Recently, more spices and seasonings are making their way into meat and poultry products for their antimicrobial and antioxidant benefits. While the use of spices and seasonings for flavoring and preserving has been in practice for centuries, many spices and seasonings are now being seen in a new light.
Only recently has research established the effectiveness of certain spices and spice extracts against microbial growth, lipid oxidation and their potential as natural antioxidants in raw meat and poultry, says Kantha Shelke, principal of Chicago-based Corvus Blue LLC. In the last 20 years, a number of factors — including international travel, globalization, the growing popularity of ethnic foods and the Food Network — have increased consumers’ familiarity with and desires for meats and poultry with various spices and seasonings, Shelke explains. As such, it is not uncommon today to see the meat and poultry aisle offering products containing seasonings and spices that were unheard of a decade ago.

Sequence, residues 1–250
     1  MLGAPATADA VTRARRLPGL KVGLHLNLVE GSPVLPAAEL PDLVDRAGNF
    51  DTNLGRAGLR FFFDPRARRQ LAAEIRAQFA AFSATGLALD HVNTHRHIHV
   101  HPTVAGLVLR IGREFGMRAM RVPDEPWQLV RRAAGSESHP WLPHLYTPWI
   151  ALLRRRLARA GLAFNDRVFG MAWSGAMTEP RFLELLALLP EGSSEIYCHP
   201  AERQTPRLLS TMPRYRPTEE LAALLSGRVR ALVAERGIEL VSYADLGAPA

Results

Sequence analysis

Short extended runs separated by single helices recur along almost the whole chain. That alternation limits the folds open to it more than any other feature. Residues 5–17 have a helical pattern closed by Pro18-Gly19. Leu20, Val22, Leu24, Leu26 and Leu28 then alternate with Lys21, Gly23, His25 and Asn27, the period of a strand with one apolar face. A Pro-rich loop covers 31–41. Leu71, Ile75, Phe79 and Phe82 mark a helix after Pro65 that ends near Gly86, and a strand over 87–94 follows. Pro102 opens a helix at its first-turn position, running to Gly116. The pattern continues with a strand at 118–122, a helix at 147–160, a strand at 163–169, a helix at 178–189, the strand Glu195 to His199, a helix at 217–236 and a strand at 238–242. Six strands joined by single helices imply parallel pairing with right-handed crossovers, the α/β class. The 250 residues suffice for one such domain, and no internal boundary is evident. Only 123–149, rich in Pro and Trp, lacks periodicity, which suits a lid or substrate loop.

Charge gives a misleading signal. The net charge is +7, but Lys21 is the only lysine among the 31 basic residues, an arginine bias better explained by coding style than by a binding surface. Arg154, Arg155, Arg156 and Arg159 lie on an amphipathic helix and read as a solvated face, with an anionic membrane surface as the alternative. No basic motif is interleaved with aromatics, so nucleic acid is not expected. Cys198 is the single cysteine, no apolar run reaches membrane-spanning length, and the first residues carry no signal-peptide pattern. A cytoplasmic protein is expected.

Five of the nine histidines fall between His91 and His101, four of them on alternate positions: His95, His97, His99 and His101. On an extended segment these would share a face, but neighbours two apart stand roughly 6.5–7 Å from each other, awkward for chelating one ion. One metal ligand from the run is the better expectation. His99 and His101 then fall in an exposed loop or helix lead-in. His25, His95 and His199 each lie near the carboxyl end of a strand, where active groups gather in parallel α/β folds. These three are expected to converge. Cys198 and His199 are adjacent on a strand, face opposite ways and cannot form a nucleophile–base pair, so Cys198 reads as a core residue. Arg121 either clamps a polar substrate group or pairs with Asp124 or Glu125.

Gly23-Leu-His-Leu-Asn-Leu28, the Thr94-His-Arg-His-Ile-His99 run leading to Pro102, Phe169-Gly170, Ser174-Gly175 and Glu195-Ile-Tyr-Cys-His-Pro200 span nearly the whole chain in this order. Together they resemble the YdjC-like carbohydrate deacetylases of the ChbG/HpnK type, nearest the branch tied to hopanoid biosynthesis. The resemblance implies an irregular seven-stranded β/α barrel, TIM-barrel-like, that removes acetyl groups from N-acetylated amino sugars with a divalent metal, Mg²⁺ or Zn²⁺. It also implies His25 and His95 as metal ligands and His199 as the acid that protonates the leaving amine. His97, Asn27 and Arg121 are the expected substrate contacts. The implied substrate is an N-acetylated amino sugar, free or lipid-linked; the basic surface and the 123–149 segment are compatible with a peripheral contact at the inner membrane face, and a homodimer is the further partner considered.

A number of spices, including Syzygium aromaticum (cloves), Cinnmomum cassia (cinnamon), Origanum vulgare (oregano), Rosmarinus officinalis (rosemary), Zingiber officinale (ginger), Curcuma longa (turmeric), Cuminum cyminum / Nigella sativum (cumin/black cumin), Allium sativum (garlic) and Brassica nigra (black mustard) extracts and in combinations have shown to be effective against Salmonella typhimurium, Escherichia coli, Aspergillus sp and Candida albicans, Shelke says.